The bakeries and coffee shops in my new neighborhood look straight out of a Hallmark Christmas movie. We all know the plot. It goes something like: Big city girl is dumped right before the holidays, leaves her stressful corporate job, and hops on a plane to visit her grandmother in a snowy small town. Upon arrival girl stumbles into well-decorated bakery to ask for directions to Grandma’s because cell service (always shoddy) or phone (always breaks on plane). Bakery store owner is interested . . .
This past month I officially relocated back to the South! As most of you know, I wrote the first draft of Waiting at Hayden’s in Charleston, South Carolina during a gap year in college and moved here solely because I was a diehard Nicholas Sparks’ fan. (If you haven't checked out how being a diehard fan landed me in the hospital be sure to read that entertaining story here.) After that year, I went back and finished school at Santa Clara and have lived in California ever since. I’m a big . . .
I’m all about finding ways to add romance to my life. Last year I spoke about what romance means to me in this blog on Redefining Romance. I consider something to be romantic when an everyday moment feels extraordinary. Or when you catch yourself—or someone else—off guard in a good way. Or when you feel extreme aliveness. A romantic life is my favorite life to live. And it doesn’t depend on another person. This past winter I booked a plane ticket like Cameron Diaz does in the holiday and . . .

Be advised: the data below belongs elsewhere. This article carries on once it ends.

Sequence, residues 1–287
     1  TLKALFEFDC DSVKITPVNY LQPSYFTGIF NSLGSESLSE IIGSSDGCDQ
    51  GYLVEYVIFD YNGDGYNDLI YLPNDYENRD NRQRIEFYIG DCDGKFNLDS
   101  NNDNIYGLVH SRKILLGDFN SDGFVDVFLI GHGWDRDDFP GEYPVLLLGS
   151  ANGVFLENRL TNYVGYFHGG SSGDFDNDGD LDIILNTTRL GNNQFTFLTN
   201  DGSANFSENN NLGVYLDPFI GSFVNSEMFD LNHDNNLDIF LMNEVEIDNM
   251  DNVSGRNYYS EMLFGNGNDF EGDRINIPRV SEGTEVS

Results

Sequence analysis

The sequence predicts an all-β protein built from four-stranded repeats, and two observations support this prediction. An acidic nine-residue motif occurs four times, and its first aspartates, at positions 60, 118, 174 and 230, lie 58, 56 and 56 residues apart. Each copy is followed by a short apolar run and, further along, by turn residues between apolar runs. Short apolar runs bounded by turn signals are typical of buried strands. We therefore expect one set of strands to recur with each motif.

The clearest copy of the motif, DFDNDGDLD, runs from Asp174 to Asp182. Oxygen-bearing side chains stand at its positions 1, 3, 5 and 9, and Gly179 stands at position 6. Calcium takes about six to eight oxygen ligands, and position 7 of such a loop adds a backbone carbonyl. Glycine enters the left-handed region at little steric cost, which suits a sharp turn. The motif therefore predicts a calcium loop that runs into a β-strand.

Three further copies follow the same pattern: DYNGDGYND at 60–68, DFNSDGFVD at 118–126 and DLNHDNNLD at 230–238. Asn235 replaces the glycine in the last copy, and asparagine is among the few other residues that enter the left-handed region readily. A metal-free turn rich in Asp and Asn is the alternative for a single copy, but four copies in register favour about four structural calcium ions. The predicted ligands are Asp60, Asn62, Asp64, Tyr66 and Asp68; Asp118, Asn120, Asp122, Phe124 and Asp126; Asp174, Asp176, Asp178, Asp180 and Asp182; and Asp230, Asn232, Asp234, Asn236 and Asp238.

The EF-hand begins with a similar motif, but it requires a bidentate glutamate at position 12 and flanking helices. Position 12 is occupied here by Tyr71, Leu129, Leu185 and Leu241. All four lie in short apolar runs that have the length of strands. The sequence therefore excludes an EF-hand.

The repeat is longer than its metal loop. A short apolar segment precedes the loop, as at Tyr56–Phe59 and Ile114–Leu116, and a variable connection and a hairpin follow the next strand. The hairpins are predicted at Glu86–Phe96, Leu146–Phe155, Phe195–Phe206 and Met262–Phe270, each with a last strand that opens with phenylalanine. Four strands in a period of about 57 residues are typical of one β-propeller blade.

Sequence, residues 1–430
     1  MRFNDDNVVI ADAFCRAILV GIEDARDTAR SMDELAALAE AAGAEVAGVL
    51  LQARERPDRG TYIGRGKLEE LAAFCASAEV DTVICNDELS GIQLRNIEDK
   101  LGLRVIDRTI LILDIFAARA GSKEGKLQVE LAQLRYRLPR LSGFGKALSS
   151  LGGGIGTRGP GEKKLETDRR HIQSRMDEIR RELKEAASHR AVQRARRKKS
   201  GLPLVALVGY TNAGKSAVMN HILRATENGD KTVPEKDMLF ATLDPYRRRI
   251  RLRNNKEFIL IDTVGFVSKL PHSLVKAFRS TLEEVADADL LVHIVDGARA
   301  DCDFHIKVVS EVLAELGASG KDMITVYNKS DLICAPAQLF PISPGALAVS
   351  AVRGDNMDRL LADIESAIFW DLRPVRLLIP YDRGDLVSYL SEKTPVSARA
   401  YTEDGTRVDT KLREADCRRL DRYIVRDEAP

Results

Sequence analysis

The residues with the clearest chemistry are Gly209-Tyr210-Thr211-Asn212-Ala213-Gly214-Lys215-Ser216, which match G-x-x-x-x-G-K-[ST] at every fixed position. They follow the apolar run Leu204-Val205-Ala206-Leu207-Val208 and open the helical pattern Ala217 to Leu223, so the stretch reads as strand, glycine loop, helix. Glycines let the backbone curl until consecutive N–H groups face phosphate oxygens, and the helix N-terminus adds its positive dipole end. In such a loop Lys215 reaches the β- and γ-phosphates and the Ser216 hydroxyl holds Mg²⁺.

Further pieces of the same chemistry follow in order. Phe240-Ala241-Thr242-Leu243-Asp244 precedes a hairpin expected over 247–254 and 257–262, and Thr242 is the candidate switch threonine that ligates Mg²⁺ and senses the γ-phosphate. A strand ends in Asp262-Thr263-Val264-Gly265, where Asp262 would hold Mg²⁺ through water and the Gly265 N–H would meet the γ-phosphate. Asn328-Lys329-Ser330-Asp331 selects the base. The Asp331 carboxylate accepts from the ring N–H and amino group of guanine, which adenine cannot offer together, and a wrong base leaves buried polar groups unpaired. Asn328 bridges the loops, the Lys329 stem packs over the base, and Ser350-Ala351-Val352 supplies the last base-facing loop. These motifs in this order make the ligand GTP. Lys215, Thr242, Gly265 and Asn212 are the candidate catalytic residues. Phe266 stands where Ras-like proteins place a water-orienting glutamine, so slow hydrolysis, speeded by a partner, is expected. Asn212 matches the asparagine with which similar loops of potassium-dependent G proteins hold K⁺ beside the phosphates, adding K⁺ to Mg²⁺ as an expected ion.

A while back I spoke with a guy who said he’s not dating because it’s too expensive. “It’s not the same for women,” he said. “You just have to show up and everything’s paid for.” His first point was valid. In Orange County a cocktail alone can cost upwards of $18 and a ticket to a movie, $22. (Fun Fact: when I first moved to the OC and went to a matinee alone, I was sure the cashier misheard me and rang me up for two tickets when he told me the cost. “I just need one,” I reiterated. “That is . . .
In our friendships, we forgive and forget all the time, but when it comes to our exes is it good or bad to give second chances? I’m someone who has gotten back together with exes more times than I care to admit. As an inherently nostalgic person, I tend to remember the good, totally forget the bad, and it’s not until I’m back in the relationship again that I think: oh yeah, I remember why this didn’t work out. I think this is because I’ve been fortunate enough to never have had a really . . .
Back in 2017, when I was frustrated that my novel, Waiting at Hayden's, had not yet been published, and I felt like I’d be an “aspiring author” forever, I went out and bought a planner for 2018. In it, instead of writing down the plans that I DID have for the year ahead, I wrote down all the plans I WANTED to have. In the summer, for instance, I wanted my novel to be published. So, I picked a day in July of 2018 and wrote down, “launch party at my parents’ house”! In September, I wanted . . .